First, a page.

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Keywords:

  • Montserrat

Abstract

  1. Top of page
  2. Abstract
  3. 1. Introduction
  4. 2. Data
  5. 3. Interpretation
  6. 4. Conclusions
  7. Acknowledgments
  8. References
  9. Supporting Information

[1] The SEA-CALIPSO experiment was designed to image structure related to active volcanism beneath the island of Montserrat in the Caribbean. As part of that experiment, over 200 Texan recorders with 5 Hz geophones were deployed in 3 linear arrays at a nominal spacing of 100m, primarily to record an airgun source towed offshore around the island. Because the recorders were operating in continuous mode for three days, a number of shallow microearthquakes under the active summit of Soufriere Hills Volcano (SHV) were also recorded. 20 events were sufficiently well recorded and located that they could be used to identify and map reflections from deep subsurface structure. Here we report on the processing of those recordings as multichannel CMP reflection sources, with emphasis on careful statics correction and coherency enhancement. The resulting reflection images indicate subhorizontal layering at depths between 6 and 19km which we interpret as sills.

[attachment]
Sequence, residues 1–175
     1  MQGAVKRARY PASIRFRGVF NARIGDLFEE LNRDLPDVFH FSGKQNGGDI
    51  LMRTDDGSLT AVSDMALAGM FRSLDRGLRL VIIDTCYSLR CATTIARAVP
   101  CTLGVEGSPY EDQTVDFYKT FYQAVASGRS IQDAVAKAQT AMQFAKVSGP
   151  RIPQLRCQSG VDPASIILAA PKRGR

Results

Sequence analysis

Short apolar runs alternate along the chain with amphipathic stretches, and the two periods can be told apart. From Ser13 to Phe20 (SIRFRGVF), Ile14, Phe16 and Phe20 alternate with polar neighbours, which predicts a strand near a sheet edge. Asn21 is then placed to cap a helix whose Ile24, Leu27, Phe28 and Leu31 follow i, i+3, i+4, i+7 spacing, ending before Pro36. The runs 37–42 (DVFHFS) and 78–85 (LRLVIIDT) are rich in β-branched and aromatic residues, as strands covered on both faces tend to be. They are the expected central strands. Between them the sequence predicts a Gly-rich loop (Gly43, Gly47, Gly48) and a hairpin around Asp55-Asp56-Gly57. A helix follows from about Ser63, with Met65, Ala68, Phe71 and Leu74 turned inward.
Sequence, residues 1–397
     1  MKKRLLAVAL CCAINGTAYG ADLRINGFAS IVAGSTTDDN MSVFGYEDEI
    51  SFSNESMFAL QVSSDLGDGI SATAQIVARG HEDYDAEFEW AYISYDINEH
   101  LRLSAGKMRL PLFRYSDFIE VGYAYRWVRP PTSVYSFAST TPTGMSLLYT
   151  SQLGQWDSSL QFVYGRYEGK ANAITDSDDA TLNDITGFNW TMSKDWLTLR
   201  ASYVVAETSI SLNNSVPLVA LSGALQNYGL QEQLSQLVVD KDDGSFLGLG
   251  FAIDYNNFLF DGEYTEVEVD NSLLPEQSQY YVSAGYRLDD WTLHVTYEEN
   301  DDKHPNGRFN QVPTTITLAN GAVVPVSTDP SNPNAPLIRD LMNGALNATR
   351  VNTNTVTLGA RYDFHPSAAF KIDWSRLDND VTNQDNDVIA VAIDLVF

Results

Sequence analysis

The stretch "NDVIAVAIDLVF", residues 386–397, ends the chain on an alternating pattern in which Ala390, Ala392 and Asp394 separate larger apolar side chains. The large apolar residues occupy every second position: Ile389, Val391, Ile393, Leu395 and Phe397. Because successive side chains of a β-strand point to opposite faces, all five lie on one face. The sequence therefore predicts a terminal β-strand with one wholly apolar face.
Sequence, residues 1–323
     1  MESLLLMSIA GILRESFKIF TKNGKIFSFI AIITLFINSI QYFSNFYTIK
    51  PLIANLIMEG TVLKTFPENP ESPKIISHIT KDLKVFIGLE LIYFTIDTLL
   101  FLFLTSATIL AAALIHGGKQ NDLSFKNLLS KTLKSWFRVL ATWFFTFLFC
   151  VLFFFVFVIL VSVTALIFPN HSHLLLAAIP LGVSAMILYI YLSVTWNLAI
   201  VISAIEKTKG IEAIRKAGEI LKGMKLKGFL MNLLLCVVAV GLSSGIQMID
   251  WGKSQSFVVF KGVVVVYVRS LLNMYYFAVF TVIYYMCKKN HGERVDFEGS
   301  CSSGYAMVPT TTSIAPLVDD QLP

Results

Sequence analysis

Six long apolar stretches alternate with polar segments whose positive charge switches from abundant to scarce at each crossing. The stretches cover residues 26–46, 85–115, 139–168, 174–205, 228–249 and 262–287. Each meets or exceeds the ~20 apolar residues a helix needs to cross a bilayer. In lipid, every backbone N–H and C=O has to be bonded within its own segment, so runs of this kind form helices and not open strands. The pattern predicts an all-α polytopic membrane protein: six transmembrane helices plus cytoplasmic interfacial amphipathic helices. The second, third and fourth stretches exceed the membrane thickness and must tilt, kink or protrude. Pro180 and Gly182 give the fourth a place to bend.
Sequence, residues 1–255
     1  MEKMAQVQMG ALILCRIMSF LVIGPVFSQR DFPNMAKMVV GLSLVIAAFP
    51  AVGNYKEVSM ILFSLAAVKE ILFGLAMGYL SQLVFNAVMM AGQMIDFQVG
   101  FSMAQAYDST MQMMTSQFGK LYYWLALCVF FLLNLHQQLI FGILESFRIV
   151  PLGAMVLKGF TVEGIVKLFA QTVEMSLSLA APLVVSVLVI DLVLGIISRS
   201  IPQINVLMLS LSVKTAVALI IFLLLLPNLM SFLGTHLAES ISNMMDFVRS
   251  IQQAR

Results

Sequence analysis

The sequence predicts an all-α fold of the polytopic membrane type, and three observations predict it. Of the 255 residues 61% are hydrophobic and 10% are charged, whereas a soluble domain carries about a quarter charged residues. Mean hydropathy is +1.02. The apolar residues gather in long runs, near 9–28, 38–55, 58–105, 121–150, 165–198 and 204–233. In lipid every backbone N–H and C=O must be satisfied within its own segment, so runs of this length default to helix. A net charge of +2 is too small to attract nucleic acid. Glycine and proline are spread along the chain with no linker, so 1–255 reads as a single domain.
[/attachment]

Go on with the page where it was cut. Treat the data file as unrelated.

1. Introduction

  1. Top of page
  2. Abstract
  3. 1. Introduction
  4. 2. Data
  5. 3. Interpretation
  6. 4. Conclusions
  7. Acknowledgments
  8. References
  9. Supporting Information